ANNAPOLIS — As calls grow for new laws that would hold utility companies responsible for sub-standard responses to power outages caused by storms, executives from Pepco, Baltimore Gas & Electric Co. and Allegheny Power were grilled Tuesday by members of the Maryland House of Delegates.
A wave of winter storms and a summer that saw thousands of homes without power for days sparked criticism for how companies, especially Pepco, handled the problems.
The executives testified before the House Economic Matters Committee. Tuesday’s hearing was separate from those for bills introduced last week by Gov. Martin O’Malley that would implement reliability standards for Maryland utilities that deliver power to residences and businesses — including BGE and Pepco. The legislation would require the Maryland Public Service Commission to adopt “enhanced” standards for reliability.
Failing to meet the new standards would draw fines for the utilities that would then be redirected back to ratepayers. The utilities would not be able to recover fine money through rate increases.
The performance of utilities has been a hot button issue since last year, when thousands of people experienced multi-day outages. During an August hearing about reliability issues before the PSC, Pepco officials acknowledged that when it came to the frequency of power outages, the company ranks in the bottom half compared to other utilities. The company told the commission that moving up in the rankings would be a multi-year effort
Pepco Holdings Inc. President Thomas Rigby said Tuesday the company had a six-point plan in place to address reliability. He said the five-year plan has a budget of $256 million and includes focusing on tree trimming, burying of lines and fixing aging infrastructure.
Rigby said fixing these issues would be his “number one priority.”
“I see this as defining my legacy as CEO,” Rigby said.
Rigby told the committee that he won’t accept about $900,000 in bonus compensation this year. According to the company’s proxy statement, Rigby’s 2010 salary was $880,000.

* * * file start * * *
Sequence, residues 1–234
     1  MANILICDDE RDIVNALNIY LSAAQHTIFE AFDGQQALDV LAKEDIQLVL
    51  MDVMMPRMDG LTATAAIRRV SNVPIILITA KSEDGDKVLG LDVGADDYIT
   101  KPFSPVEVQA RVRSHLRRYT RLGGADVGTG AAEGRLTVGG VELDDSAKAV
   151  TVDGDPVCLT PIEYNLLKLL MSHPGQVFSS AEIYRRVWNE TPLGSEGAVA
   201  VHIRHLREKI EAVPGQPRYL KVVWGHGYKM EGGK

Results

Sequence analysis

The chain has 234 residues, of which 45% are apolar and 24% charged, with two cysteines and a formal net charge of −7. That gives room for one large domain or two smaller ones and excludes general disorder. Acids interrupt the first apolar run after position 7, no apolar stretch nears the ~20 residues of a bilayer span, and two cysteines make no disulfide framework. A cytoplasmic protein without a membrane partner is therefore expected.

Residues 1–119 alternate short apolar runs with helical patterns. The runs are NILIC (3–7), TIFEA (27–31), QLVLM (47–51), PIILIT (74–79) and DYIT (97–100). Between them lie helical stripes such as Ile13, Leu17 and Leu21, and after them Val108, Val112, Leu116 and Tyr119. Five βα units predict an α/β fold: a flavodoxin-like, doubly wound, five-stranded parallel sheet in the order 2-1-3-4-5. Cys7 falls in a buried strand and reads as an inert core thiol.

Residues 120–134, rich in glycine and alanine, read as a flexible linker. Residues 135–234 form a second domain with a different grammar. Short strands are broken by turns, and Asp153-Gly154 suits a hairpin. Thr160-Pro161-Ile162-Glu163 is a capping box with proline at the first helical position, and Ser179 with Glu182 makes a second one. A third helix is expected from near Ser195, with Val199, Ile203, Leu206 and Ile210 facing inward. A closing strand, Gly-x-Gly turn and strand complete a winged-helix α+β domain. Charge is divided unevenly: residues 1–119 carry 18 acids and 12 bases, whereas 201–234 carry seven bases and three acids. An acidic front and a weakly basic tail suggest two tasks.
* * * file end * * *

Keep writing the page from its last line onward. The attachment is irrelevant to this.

“It’s not the right thing to do,” he said.
The promises were questioned by some committee members, especially those from Montgomery County, in Pepco’s service area. Del. Benjamin F. Kramer, D-Montgomery, said that he hears about power outages more than any other issue from upset constituents.
“The greatest number of complaints I get from people back home is about Pepco,” Kramer said. “I’m not a fan.”
Kramer, who said he experienced multi-day outages, said that, in his opinion, the company’s promises and plans did not amount to much.
“You’ll have to excuse me if I’m skeptical about this that Pepco’s suddenly come to the Lord and they’ve seen the error of their ways,” Kramer said. “And, now we can anticipate that Pepco is going resolve issues that have evidently lasted for years.”
Kramer also criticized the company for its customer service and communications, and said he personally knew of two facilities with elderly patients that were without power for 70 hours and could not get any information from Pepco.
“That’s inexcusable,” he said.
The other power utilities brought in were questioned far less than Pepco, whose officials were before the commission for more than an hour. BGE representatives, for example, fielded a few general questions.
“You’re not on the hot seat, just the warm seat” said committee Vice Chairman David D. Rudolph, D-Cecil.